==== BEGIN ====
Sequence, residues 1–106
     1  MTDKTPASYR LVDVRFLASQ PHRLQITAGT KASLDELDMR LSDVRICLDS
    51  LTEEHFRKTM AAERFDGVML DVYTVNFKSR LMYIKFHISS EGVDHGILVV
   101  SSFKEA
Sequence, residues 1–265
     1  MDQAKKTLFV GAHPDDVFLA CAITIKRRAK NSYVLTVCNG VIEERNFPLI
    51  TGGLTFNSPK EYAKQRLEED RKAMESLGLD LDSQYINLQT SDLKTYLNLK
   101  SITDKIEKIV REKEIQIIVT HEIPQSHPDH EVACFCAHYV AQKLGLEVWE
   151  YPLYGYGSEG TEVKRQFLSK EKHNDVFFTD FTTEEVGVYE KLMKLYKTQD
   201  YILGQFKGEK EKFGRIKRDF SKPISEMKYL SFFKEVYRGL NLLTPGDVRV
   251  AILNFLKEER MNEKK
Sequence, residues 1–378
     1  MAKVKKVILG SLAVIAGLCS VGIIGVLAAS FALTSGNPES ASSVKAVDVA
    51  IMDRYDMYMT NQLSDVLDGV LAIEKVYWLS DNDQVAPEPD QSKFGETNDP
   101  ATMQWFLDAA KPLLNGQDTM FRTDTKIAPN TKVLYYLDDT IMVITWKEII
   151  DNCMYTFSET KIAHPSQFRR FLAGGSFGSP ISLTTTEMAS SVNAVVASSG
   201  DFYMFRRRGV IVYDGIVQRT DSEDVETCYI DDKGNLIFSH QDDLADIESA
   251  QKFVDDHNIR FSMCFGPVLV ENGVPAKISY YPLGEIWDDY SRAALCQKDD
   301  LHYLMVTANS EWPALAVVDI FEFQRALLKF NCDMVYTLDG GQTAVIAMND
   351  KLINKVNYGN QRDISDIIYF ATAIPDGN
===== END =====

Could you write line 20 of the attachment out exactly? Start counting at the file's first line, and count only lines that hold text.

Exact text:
   351  KLINKVNYGN QRDISDIIYF ATAIPDGN